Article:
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Extend free childcare to one-year-olds to protect vulnerable from coronavirus fallout, ministers urged

Extend free childcare to one-year-olds to protect vulnerable from coronavirus fallout, ministers urged

Vulnerable children face losing out as the UK recovers from coronavirus pandemic (Credit: PA)

4 min read

Free childcare should be extended to one-year-olds to stop disadvantaged families falling through the cracks as the UK deals with the aftermath of the coronavirus pandemic, the Government has been told.

Children's Commissioner Anne Longfield wants ministers to put early years education at the centre of Covid-19 recovery plans to prevent thousands of nurseries from financial collapse and help children from poorer backgrounds get the best start in life. 

The closure of childcare settings will hold back vulnerable youngsters and hinder the country's economic recovery, she has warned.

And the Commissioner is calling for an expanded 30 hours' free childcare for all children aged two, three and four, plus 15 free hours for all one-year-olds, "so that early years education is seen as part of ordinary life".

It comes amid warnings from childcare providers that one in four nurseries and pre-schools fear closure within the year, rising to one in three in the most disadvantaged areas after months of lockdown.

Ms Longfield's report warns that many children across the country, particularly those growing up in disadvantaged families, are already behind by the time they start formal education.

Those who do not reach their expected learning goals at age five are five times more likely to be excluded by the age of 10, twice as likely to have had contact with children’s social care by age 11, three times more likely to be struggling with reading at age 11 and four times more likely to be struggling with writing at the same point.

Research also shows they are more likely to leave school with no GCSEs, to suffer some form of mental ill health and to be obese.

“Each year 82,000 children in England start school significantly behind where they should be at the age of five. That is one in seven children, or four children in every classroom," Ms Longfield said. 

"This report shows that their life chances can already be undermined at this point, if there is no joined up system of early support to help them get ready to learn.

She added: “Nurseries and early years support play a vital role in helping children prepare for school, but Coronavirus and lockdown have put many at risk of closure.

"The consequences could be thousands of children missing out on vital support that sets them on a path to a good education and better prospects.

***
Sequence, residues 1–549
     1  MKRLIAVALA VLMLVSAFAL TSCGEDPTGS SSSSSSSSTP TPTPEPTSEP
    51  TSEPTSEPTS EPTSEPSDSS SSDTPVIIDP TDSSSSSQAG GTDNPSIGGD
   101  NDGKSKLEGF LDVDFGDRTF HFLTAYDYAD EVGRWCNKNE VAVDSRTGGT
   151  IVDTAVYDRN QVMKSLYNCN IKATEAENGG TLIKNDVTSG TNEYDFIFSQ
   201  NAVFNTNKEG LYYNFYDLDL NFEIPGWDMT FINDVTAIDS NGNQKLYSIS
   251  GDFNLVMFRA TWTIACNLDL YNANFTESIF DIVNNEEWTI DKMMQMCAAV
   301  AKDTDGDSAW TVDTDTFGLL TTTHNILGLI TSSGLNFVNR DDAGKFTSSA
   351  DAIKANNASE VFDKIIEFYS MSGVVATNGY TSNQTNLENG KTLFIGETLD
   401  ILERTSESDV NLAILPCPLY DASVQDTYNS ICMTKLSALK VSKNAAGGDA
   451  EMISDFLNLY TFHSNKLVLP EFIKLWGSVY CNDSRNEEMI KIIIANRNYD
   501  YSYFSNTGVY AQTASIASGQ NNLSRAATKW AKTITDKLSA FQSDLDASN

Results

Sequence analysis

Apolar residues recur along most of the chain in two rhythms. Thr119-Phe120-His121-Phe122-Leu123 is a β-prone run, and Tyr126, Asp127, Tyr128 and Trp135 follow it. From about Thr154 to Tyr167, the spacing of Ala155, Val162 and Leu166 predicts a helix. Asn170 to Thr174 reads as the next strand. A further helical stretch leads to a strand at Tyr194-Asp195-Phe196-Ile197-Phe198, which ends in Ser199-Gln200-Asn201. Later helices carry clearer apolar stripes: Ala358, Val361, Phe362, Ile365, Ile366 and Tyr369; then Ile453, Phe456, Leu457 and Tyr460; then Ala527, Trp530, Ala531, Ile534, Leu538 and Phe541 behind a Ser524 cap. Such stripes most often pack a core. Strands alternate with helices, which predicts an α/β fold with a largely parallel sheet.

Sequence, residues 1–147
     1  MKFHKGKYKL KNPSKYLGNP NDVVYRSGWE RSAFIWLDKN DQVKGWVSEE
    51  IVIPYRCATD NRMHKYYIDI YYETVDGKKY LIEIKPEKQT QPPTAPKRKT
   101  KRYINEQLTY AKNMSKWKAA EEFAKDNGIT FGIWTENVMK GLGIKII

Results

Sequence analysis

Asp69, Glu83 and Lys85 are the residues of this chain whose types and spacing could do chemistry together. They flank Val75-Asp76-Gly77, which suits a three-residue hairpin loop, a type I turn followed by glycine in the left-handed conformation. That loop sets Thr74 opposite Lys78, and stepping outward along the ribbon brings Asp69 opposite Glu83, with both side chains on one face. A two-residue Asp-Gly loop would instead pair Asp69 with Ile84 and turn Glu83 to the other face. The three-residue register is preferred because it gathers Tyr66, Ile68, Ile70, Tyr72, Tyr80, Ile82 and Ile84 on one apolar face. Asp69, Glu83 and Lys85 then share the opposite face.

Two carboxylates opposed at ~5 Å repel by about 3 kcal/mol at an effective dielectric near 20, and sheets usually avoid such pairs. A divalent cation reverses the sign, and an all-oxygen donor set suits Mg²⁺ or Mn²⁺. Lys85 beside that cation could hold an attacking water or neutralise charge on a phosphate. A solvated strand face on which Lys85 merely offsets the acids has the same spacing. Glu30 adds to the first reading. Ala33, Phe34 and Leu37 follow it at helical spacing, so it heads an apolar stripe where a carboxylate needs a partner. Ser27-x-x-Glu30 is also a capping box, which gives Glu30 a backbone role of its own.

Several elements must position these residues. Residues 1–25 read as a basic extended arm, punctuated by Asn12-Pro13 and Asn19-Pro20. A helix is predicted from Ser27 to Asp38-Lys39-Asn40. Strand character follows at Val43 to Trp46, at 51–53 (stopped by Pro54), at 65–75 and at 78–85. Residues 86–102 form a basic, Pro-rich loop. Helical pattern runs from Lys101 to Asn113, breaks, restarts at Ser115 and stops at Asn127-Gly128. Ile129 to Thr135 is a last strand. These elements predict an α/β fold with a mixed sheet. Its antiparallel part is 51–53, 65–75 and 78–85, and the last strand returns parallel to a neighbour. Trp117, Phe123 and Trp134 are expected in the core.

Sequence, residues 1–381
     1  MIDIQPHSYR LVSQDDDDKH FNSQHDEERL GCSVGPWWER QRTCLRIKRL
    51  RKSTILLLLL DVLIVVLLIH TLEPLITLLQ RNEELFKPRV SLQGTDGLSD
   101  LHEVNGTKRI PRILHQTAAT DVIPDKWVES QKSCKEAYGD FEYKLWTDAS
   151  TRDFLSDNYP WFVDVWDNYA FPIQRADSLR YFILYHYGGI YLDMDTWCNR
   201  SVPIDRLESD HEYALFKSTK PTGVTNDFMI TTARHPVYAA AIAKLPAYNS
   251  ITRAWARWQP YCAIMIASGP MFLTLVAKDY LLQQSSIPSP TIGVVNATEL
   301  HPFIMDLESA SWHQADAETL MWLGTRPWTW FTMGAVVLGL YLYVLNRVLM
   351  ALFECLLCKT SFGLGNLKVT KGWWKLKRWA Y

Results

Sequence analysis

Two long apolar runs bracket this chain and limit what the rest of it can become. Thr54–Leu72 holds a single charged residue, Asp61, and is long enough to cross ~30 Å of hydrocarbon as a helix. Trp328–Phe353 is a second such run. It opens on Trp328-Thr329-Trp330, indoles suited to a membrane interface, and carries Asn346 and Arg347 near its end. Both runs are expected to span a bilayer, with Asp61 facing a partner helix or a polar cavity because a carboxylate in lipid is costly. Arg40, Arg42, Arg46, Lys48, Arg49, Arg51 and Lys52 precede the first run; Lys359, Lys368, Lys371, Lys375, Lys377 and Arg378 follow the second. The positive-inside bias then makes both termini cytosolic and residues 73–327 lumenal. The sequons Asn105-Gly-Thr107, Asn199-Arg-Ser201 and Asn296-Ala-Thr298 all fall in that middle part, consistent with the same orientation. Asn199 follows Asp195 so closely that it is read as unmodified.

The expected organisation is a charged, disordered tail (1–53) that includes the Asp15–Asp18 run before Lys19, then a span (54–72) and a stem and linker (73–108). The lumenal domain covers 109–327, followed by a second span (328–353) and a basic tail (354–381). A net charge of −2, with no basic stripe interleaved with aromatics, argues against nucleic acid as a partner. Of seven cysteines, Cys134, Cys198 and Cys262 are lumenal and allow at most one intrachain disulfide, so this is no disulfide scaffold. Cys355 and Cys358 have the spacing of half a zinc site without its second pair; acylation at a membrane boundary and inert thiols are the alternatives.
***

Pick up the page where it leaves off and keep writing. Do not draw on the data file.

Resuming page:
“At the same time, any economic recovery will need parents to able to return to work full time. Nursery closures could put a dent in plans to get the economy back on track."


Labour's shadow education minister, Tulip Siddiq, backed the call, urging ministers to provide extra funding to nurseries and warning that mass closures could lead to parents losing their jobs due to a lack of childcare.

“This report confirms what we’ve known for some time – that chronic underfunding of early years has hit disadvantaged children the hardest," she said. 

"The childcare sector is now on the brink of collapse due to Covid-19, and we know that it is nurseries in deprived areas that are most likely to close.

“Not only is early education essential for children’s development, but nurseries and childminders are also essential for parents to be able to get back to work. The economic consequences of mass childcare closures are too awful to contemplate."

The shadow minister said Labour backs "targeted support" for childcare "to prevent a wave of nursery closures, which would devastate working families and set back out economic recovery".

The Commissioner's report meanwhile recommends a ‘Best Beginnings’ early years investment plan, ranging from boosting children and family hubs to increasing the availability of midwives and health visitors, to tackle potential problems at the beginning of a child’s life.

“In the immediate term, we need an emergency Government rescue package to stop nurseries going under – but there is much more to do beyond that," Ms Longfield said.

“The Government must make the early years a priority and drive reforms so that all children start school ready and able to learn and progress.

"Alongside high-quality early education, this means making sure that every family is guaranteed the support they need to help their young child to thrive, and to prevent early challenges turning into serious problems."

The Local Government Association, which represents councils across the country, backed the Commissioner's findings, warning the pandemic has "exacerbated the financial challenges facing early years providers" and worsened an already urgent need for extra funding.


A Department for Education spokesperson said: “Our fantastic nurseries, childminders and pre-schools provide crucial support for children and families.

"That’s why this Government has always championed the early years sector and why we are continuing to back early years entitlements with £3.6bn this year.

“Alongside this we have protected early years settings throughout the pandemic with significant financial and business support, including through the Coronavirus Job Retention Scheme.

“We are investing in early years organisations to help them boost disadvantaged children’s development, with grants targeted at improving outcomes for young children at risk of falling behind by age five, and for those with special educational needs.”

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